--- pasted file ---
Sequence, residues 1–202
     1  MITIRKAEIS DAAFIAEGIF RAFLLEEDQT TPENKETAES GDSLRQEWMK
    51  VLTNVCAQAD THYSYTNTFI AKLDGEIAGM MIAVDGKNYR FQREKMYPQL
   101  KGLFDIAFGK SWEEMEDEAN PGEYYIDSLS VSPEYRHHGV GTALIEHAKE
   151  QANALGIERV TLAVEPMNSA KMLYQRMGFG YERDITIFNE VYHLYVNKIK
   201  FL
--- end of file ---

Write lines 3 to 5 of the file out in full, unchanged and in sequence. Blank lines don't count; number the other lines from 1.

    51  VLTNVCAQAD THYSYTNTFI AKLDGEIAGM MIAVDGKNYR FQREKMYPQL
   101  KGLFDIAFGK SWEEMEDEAN PGEYYIDSLS VSPEYRHHGV GTALIEHAKE
   151  QANALGIERV TLAVEPMNSA KMLYQRMGFG YERDITIFNE VYHLYVNKIK